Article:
New regional police training program uses UNDP expertise

Mar 11, 2013

A regional project to share the experience gained by Croatian police in European integration and fighting organized crime was launched at the Police Academy in Zagreb on 11 March. "Partnership for education" is a joint initiative of the Croatian Ministry of the Interior and the United States with the support of the United Kingdom and the United Nations Development Programme (UNDP). The program, based in Zagreb, uses Croatian instructors supported by US and UK experts to train police officers from Albania, Bosnia and Herzegovina, Kosovo, Macedonia, Montenegro and Serbia to fight transnational crime.

"As a future EU member, Croatia wishes to share its experience in meeting European Union (EU) criteria with partners in the region," said Croatian Minister of Interior Ranko Ostojić. "One of the criteria that our country had to meet was precisely the fulfillment of conditions for successful prevention of all forms of organized crime, as well as delivering concrete results."

Laws and technical assistance are just tools, explained Ostojić, but the main value here is providing an opportunity for policemen from the region to master the skills they need to deal with challenges of organized crime today. Ostojić said that the US government had recognized Croatia's readiness to share its experience with the countries in the region. He said that it was necessary to promote the highest standards through cooperation between the police forces in the region while encountering the most complex forms of crime.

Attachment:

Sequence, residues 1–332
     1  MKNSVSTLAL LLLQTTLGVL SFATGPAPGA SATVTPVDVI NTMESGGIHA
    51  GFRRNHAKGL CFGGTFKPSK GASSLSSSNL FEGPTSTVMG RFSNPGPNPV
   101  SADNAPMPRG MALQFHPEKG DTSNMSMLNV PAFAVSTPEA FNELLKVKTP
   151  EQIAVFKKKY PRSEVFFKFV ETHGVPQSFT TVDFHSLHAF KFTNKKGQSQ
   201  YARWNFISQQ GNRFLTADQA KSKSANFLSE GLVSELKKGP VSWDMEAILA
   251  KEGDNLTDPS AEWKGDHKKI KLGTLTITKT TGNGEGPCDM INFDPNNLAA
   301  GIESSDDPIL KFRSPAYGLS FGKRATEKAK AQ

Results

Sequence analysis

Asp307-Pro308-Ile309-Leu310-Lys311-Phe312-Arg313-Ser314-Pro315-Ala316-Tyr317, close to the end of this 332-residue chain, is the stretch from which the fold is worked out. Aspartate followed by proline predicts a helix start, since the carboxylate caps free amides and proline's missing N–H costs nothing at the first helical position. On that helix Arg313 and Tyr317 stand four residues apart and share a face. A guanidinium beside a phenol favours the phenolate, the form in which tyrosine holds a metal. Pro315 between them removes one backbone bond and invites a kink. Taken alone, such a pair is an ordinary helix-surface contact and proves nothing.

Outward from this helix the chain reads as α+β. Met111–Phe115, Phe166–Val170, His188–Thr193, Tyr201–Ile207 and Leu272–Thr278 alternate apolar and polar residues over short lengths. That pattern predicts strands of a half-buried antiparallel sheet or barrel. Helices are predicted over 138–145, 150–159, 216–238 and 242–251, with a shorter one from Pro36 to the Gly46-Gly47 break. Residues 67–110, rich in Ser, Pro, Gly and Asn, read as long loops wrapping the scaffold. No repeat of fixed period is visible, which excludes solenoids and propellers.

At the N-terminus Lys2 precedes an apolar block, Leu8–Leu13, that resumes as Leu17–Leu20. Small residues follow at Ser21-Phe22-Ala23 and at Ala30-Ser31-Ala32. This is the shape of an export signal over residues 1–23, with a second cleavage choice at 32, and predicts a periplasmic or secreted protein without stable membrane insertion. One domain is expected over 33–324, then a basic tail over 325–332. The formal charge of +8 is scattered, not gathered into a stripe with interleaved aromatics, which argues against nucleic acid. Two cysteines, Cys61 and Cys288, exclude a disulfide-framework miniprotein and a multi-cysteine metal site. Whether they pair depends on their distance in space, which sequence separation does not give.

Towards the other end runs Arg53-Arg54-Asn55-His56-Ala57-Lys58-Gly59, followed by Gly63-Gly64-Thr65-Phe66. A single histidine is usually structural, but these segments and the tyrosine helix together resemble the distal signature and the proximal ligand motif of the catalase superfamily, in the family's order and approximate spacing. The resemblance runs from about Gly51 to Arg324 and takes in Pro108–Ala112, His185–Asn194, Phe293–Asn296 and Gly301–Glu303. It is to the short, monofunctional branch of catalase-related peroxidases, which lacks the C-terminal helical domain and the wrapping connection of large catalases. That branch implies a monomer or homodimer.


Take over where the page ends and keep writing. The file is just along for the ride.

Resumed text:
US Ambassador Kenneth Merten, whose country is financing the project with USD 675,000, said that the project was a unique example of regional cooperation, expressing hope that joint efforts would help integrate these countries as successfully as Croatia.

Croatia had travelled a difficult and demanding road to EU membership, said British Ambassador David Slinn, adding that the exchange of experience was crucial for the development of other countries in the region. The Croatian police service has done a lot in developing mechanisms to combat trafficking, organized crime and illegal migration and is now in a much better position to counter those challenges, Slinn said.

The five-module project is intended to improve the competence of police officers to combat various forms of transnational crime such as trafficking in people, drugs, arms and vehicles and cyber crime. Instruction will include the following topics: meeting EU accession standards, legislative frameworks and amendments in the area of organized crime, corruption, drug abuse and cyber crime, and cross-border policing.

As part of a larger effort to advise other countries in Southeast Europe on the rule of law and regional development in the context of EU accession, UNDP Regional Advisor Filip Dragović will introduce the participants to the EU negotiation process with a special emphasis on chapters 23 and 24 of the acquis communautaire, and EU security policies.